I like to believe that every National Hockey League fan enjoys a game that takes place in Winnipeg. The whiteout, the noisy crowd, the passionate fan base and their entertaining chants - all the elements are there for a good time. Even the crowd outside the Bell MTS Place, which near close to 25 00 people for the first game of the Western Conference Finals - is as entertaining as the people who paid money to attend the contest.
It was no different on Saturday night, but it was probably not as fun for the Vegas Golden Knights players and their fans. Especially seeing that the Jets managed to take an early lead and hold on to it to win the first contest of the Western Finals 4-2, and taking a 1-0 lead in the series.
It even pushed some fans to start wondering why the Golden Knights did have the privilege of home ice advantage for the third round series. After all, they did have a better record this season than the Jets…
Finally, Bardown dug and found the explanation from the league on the playoff format:
Home-ice advantage through the first two rounds goes to the team that placed higher in the regular-season standings. In the Conference Final and Stanley Cup Final, home-ice advantage goes to the team that had the better regular-season record, regardless of the teams' final standing in their respective divisions.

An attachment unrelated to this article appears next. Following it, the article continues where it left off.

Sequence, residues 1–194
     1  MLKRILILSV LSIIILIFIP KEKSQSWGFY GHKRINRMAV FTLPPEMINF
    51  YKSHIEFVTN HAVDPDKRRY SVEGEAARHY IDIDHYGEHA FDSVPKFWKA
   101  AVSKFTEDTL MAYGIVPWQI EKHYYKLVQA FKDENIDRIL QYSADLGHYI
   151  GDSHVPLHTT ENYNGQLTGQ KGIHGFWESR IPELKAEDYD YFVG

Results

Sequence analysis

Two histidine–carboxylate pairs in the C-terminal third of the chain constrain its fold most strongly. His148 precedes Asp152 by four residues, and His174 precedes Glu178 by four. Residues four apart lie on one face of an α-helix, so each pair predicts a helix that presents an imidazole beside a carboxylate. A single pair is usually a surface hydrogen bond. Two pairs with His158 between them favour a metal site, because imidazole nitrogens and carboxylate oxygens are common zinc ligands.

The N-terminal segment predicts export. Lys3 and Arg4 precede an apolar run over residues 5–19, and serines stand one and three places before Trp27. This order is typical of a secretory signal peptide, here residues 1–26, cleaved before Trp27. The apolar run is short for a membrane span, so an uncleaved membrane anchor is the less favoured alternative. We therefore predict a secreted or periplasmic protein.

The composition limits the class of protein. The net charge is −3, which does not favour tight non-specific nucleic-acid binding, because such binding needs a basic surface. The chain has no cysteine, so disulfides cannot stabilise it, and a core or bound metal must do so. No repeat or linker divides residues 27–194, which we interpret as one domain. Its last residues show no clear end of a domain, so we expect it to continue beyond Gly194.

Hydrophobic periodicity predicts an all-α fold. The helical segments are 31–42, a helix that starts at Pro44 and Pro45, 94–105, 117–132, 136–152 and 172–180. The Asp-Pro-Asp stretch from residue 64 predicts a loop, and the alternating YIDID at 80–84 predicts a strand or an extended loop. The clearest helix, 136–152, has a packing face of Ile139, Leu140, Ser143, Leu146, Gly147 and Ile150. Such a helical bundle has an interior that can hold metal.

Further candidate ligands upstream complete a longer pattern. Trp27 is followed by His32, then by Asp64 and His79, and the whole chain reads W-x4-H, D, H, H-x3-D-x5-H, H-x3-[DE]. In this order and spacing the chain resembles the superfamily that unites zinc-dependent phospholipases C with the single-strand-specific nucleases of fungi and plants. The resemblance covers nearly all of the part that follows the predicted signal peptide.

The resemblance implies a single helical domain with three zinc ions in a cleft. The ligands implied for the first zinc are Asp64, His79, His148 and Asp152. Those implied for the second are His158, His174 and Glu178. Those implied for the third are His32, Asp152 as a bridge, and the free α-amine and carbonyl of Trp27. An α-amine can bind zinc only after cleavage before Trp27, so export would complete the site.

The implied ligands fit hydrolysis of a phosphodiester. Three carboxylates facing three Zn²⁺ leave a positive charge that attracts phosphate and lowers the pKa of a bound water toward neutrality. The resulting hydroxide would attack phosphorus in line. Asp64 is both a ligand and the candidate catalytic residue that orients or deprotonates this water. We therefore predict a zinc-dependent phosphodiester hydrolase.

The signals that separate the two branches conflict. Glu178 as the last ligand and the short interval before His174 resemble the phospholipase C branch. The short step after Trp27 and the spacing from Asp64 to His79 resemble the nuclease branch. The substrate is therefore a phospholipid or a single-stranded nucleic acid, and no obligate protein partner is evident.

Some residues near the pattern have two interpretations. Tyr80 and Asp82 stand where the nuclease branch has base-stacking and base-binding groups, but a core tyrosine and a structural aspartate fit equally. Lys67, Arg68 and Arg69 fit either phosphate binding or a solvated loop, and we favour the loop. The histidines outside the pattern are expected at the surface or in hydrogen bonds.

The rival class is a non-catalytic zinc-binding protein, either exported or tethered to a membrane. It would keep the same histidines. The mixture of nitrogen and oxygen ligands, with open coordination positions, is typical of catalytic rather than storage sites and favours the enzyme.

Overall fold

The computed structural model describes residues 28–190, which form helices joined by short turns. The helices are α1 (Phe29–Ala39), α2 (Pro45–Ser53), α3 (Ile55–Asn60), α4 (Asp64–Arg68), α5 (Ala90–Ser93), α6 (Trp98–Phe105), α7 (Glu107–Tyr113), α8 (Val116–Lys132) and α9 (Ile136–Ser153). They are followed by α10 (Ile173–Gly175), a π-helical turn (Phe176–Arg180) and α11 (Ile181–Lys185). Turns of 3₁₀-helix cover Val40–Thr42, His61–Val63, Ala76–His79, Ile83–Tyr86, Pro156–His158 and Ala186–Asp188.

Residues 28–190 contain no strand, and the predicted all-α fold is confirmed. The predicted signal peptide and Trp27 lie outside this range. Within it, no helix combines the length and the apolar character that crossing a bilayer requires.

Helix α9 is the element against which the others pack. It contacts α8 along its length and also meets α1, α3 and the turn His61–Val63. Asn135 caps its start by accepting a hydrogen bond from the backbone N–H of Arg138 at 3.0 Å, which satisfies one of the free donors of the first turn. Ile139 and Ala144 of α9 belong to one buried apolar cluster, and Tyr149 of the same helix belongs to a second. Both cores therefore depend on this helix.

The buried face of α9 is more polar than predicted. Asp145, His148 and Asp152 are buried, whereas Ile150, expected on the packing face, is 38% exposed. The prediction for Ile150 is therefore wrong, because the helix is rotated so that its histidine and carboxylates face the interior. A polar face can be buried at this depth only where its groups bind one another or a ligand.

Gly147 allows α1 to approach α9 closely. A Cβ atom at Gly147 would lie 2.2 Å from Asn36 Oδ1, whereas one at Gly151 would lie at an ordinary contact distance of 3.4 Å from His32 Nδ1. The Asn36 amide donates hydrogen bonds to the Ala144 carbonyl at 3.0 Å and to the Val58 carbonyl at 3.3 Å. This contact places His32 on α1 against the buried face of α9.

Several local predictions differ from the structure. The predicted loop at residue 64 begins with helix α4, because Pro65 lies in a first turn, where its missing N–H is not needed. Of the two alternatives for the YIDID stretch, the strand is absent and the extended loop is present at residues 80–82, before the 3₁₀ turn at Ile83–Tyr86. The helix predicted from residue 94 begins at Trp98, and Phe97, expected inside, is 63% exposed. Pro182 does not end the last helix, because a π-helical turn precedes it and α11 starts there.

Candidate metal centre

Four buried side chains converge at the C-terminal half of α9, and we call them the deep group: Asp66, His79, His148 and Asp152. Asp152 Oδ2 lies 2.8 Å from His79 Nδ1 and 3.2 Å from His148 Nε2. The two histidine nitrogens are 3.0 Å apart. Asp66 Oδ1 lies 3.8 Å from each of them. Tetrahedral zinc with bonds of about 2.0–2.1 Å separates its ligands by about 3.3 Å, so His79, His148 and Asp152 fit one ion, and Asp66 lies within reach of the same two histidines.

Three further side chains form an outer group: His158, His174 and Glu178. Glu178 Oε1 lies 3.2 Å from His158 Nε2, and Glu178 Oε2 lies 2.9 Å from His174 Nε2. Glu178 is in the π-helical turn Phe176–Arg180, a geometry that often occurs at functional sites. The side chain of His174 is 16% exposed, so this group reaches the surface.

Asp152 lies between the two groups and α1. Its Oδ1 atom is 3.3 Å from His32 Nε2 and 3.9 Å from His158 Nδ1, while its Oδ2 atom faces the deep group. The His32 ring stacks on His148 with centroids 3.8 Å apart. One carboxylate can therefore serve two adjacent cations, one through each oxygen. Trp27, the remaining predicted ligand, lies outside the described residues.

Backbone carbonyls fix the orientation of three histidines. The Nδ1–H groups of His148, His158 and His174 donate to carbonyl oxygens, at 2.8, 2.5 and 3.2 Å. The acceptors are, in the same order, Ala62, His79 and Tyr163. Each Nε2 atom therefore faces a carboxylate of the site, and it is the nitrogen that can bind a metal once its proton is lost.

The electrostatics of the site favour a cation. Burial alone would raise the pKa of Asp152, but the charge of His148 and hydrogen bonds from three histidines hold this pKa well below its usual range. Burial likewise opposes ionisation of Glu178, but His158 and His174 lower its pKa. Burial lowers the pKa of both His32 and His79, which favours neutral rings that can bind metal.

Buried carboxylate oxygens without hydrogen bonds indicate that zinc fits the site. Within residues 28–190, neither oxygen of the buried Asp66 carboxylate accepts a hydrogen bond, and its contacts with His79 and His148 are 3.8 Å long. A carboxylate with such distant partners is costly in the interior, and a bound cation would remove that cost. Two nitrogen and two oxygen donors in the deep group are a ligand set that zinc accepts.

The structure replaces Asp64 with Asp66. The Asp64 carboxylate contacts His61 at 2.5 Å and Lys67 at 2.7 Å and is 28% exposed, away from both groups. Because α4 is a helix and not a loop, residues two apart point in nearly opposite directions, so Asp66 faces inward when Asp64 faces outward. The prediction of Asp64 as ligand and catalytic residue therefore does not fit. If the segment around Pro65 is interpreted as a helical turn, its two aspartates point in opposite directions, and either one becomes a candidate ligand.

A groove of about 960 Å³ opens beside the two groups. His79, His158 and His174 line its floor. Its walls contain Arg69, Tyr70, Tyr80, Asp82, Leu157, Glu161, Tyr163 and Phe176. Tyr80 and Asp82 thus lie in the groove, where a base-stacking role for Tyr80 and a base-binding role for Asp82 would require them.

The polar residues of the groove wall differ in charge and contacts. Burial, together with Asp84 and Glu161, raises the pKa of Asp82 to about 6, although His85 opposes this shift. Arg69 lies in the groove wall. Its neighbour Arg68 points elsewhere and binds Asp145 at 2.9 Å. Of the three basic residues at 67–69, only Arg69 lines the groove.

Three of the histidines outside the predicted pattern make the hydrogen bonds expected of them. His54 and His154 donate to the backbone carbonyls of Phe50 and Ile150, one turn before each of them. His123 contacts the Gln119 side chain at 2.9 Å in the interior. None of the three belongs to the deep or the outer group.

Therefore, the team with the better regular season record gets home ice in the Conference and Stanley Cup Final. Winnipeg had a better regular season record (114 points compared to Vegas' 109), and thats why they got home ice for the series.
It was the first time in their history that the Golden Knights started a series on the road after previously hosting the Los Angeles Kings and the San Jose Sharks in the first and second round of the postseason. It is easy to say that the passionate crowd in Sin City has met its match with the one in Winnipeg. It is also the first time the Golden Knights are behind in a series.
So Vegas might be starting a series on the road for the first time, but it had to come at some point, right?